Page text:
Agapanthus is a flowering tender perennial with a long history of confusion surrounding where it originated from and what family of plants it is related too. It also goes by the name Lily of the Nile yet it is not indigenous to the Nile River basin. In fact, it was first brought back to Europe in the late 1700’s from South Africa and in the U.K. it is called African Lily. It was originally included as part of the Lily family and then was said to be related to Amaryllis. It then was moved into the Onion family and finally was given its own classification. Talk about an identity crisis!
It is easy to see why there has been so much confusion about this plant. Agapanthus flower buds do resemble plants in the onion family such as Chives. Once the flowers open they resemble some varieties of Allium bulbs which are also related to the Onion. The long stems resemble those of a Daylily and the strap-like leaves are similar to those of an Amaryllis but there seems to be one characteristic that most gardeners do agree upon; their flowers can be spectacular!
Agapanthus is a versatile plant. It can be grown as the edging to a flower border and some dwarf varieties are particularly good as container plants. As a matter of fact, the more restricted the root growth is in the container the more flowers you get! The flowers are typically blue to purple in color although there are some white colored varieties as well. The color blue is not easy to find in a garden so this makes Agapanthus an even more desirable addition to your yard.
Although there are varieties of Agapanthus that can survive in colder garden zones such as zone 7 most varieties are sensitive to frost and unless you live in a state such as California they are often best treated as an annual plant. They bloom in the early summer in most areas of the country but in warmer climates, the blooming season is extended into the late summer. The flowers look attractive in an arrangement and they are good companion plants to Daylilies. Yellow flowers such as Marigolds and Lantana look especially attractive when mixed with Blue Agapanthus.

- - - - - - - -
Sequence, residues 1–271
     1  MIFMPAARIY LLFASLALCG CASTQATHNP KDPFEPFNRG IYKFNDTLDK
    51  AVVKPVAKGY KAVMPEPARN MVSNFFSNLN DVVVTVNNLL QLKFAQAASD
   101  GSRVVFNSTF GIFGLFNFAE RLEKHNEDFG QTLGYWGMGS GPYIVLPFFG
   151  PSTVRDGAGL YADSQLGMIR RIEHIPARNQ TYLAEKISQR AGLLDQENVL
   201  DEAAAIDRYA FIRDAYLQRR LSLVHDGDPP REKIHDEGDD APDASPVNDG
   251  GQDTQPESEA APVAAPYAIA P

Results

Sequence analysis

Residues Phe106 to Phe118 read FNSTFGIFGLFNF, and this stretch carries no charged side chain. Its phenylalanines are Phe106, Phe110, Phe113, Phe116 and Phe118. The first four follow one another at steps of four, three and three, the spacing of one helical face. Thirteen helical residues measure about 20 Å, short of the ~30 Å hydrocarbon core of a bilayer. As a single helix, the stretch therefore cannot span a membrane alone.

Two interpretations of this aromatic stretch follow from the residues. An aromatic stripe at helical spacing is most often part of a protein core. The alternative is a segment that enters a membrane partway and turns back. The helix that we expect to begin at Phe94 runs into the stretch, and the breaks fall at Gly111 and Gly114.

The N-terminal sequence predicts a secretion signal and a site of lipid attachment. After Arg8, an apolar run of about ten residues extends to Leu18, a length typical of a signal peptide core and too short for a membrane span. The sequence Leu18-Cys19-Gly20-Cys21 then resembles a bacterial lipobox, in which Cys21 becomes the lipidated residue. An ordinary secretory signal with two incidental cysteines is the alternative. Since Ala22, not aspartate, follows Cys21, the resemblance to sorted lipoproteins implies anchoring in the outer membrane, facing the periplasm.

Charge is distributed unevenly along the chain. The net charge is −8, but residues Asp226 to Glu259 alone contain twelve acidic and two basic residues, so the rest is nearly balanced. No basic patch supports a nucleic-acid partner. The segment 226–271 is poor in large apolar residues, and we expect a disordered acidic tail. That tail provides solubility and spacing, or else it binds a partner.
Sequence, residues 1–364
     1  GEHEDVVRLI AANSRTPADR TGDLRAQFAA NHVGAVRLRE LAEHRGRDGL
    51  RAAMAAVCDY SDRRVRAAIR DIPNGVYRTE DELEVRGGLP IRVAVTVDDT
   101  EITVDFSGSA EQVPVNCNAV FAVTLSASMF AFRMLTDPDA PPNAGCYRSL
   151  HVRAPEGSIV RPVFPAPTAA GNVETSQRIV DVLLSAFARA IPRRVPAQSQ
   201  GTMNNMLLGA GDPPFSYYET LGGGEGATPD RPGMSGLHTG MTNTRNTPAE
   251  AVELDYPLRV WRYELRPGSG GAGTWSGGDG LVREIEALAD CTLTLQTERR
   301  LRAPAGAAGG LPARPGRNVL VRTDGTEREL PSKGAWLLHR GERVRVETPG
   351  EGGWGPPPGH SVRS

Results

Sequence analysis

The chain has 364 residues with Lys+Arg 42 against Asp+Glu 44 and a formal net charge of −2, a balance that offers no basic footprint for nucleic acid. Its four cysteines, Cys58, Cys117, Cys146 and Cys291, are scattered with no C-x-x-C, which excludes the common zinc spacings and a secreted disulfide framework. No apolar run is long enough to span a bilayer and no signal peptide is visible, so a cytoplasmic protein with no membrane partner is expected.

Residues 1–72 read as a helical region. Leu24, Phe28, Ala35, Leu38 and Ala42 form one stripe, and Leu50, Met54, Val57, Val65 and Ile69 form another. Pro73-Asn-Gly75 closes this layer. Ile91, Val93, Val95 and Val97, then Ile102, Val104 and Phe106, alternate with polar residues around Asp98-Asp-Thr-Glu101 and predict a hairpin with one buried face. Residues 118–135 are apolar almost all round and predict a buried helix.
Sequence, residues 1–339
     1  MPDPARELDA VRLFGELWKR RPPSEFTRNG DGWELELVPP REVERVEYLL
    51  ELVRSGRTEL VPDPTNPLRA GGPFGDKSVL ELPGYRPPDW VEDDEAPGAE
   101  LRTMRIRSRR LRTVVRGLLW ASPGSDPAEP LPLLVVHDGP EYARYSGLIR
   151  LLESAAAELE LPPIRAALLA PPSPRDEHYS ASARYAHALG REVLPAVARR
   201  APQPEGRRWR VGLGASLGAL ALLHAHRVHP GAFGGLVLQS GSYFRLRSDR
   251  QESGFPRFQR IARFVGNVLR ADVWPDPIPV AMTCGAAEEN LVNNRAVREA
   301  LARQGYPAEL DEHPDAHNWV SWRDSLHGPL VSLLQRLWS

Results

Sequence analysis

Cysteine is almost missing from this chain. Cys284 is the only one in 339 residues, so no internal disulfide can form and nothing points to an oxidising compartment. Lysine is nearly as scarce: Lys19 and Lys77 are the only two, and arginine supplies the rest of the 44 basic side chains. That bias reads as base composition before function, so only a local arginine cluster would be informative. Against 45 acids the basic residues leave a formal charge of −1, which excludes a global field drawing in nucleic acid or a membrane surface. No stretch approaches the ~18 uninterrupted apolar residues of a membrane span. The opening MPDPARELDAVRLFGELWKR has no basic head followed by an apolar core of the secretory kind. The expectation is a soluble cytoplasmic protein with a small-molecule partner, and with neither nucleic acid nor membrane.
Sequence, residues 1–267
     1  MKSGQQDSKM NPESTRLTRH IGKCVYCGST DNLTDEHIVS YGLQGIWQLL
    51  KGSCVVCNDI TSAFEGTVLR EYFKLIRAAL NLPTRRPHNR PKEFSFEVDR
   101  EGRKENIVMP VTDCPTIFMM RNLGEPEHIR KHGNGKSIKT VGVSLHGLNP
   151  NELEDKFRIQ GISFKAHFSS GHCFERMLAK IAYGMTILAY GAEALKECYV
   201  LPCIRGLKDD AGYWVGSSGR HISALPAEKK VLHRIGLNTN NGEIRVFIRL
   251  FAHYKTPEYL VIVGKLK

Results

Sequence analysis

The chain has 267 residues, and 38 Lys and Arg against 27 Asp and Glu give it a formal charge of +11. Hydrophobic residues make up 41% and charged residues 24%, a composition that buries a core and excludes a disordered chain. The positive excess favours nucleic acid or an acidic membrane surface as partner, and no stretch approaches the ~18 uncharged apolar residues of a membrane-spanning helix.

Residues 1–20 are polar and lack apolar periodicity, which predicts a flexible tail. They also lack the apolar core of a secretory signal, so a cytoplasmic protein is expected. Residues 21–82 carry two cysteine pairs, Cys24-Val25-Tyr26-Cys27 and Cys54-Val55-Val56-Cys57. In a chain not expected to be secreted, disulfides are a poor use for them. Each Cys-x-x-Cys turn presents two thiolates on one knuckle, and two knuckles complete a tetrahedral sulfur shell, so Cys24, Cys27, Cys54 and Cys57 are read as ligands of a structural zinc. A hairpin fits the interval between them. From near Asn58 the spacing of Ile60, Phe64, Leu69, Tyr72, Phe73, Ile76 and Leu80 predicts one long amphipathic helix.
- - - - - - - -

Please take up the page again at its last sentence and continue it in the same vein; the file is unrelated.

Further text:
When planting Agapanthus you will want to choose a particularly sunny location. The number one reason that Agapanthus won’t bloom is that they are not getting enough sunlight. They should be planted 8 inches apart and just deep enough to cover the roots. The soil also should drain well as they don’t tolerate overly wet soils. It makes you wonder how they got the name Lily of the Nile, doesn’t it? They also don’t need to be fertilized as too much fertilizer will get you a lot of leaves and not as many flowers.
Finally, in the fall it is possible to treat Agapanthus as you would a Canna or Dahlia. You can allow the foliage to be killed by the first frost, dig up the tuber and store it in your basement or warm corner of the garage. This may allow you to replant the Agapanthus tuber next spring. If you are growing it in a container you can move the entire container indoors. Allow the container to dry out and then water sparingly during the winter. Once temperatures begin to warm up in the spring you can then move the container back outdoors again.
While Agapanthus may suffer from a bit of an identity crisis there is no doubt about how this plant can enhance the beauty of your yard!